Cunningham Falls State Park – Day Use and Beach Improvements
Capital Construction Project, Thurmont
2-year project valued at $3.1M
Bill Schuman is an area supervisor for the Construction division’s Western Region; he took on the assignment as construction manager for this project. Bill is very conscientious and is always looking out for the state’s interests. These include not only DGS but also the Department of Natural Resources (DNR) and – ultimately – Maryland’s taxpayers. All parties recognize and respect his attention to detail and focus on making sure that what has been specified is being delivered by the contractor. The ultimate professional, Bill maintains a working environment that ensures a successful project. He does great service on a daily basis.
Mark Spurrier, park ranger at the Cunningham Falls and Gambrill State Park, had this to say about Bill: “Bill Schumann is very deserving of recognition. He has done a fantastic job of being very responsive to questions, relaying information and keeping the Cunningham Falls State Park day use project organized and moving forward. He has been very pleasant to work with, having a positive demeanor even on difficult days. He has promoted the interests of the state by providing appropriate checks and balances to discussion and procedures. I have said this openly in meetings this is one of the best construction projects of this magnitude I have been involved in and Bill is a big reason why.”
Linda Steinmetz, DNR Western Regional Engineer, provided this comment: “I totally agree! Bill is great. He has helped us move the Cunningham Falls project right along. I love working with him.”
Bill is dedicated to ensuring that all his assigned construction projects are high-quality and meet DNR’s needs. He often motivates the contractors to exceed expectations.
Xavier Richards, James Boyd, Michael Rose, Michael Steadman, Charles Kutlic and Kelvin Makell make up Baltimore’s FOM William Donald Schaefer Tower flag crew.
The flags atop of the tower are a point of reference for Baltimore City as well as a landmark. You can often see them in the background on the evening news, when there is a story involving Baltimore City local government or Maryland State government. The view is often captured during an at-home Orioles game and on Sundays, when the Ravens are playing at home.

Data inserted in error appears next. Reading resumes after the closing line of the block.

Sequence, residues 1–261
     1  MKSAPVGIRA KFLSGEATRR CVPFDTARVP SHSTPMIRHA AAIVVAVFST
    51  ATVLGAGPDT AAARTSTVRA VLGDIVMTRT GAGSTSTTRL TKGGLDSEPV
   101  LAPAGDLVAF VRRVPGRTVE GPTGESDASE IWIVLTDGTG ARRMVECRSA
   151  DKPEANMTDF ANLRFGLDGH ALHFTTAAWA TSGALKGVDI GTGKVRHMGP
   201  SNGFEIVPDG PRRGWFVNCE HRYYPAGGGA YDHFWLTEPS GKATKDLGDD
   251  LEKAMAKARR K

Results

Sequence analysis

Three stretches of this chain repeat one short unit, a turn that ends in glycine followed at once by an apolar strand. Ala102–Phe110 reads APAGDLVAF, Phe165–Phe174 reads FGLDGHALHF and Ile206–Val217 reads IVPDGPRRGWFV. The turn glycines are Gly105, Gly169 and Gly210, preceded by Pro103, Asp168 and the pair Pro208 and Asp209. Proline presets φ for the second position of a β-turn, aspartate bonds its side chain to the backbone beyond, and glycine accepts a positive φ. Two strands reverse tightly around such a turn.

The flag pole is 36 stories off the ground or 493 feet from the ground to the top of the pole. Whenever our team changes or services the flag or guide lines they operate from the flag deck located on the 29th floor. the U. S. flag is 20’ x 30’; the Maryland flag is 12’ x 18’.
The flag crew makes roughly 30 to 40 trips each year to the flag deck to change, raise or lower, check the flags’ condition, or replace the guide lines. A 5 – 10 mph wind on the ground can be as much as 15 – 30 mph on the flag deck. During a recent wind storm, the crew was caught off guard and was not able to lower the flags prior to the storm. Ultimately, they lowered the flags, but not without some damage to the flag rope rigging. One of the guide lines became wedged between the pulley and the mount at the base of the flag pole. With any other flag pole this would not be an issue; however, in this case the base of the flag pole is another thirty feet up.
After several failed attempts to release the rope, it became clear professional assistance from a steeplejack would be needed to free the lines. However, the contractor would not be available for three weeks due to out-of-town comments, so the crew got to work.
The team continued their attempts to free the line. After numerous trips up to the flag deck, our team finally freed the guide lines and were able to raise the flags. For all their efforts to maintain and care for the flags is why the WDST Flag Crew are this month’s “Caught DGSing” nomination.
Ms. V Drummond and her cleaning crew at 301 W. Preston continued to work alongside employees in the Office of State Procurement (OSP) when the COVID-19 virus hit Maryland and a pandemic was declared. At the time, OSP staff were scrambling to prepare to work remotely. Every day throughout this time, I caught the cleaning crew wiping off door knobs, light switches, elevator buttons, etc. Not just once, but several times a day.
The ladies’ bathroom was also thoroughly cleaned, trash removed daily, all with a pleasant attitude. I even ‘caught’ Ms. V meeting with her crew and reviewing what needed to be done. Without complaint, they worked together as a team and did it all without complaint.
Trudy Liller, Procurement Office Supervisor, OSP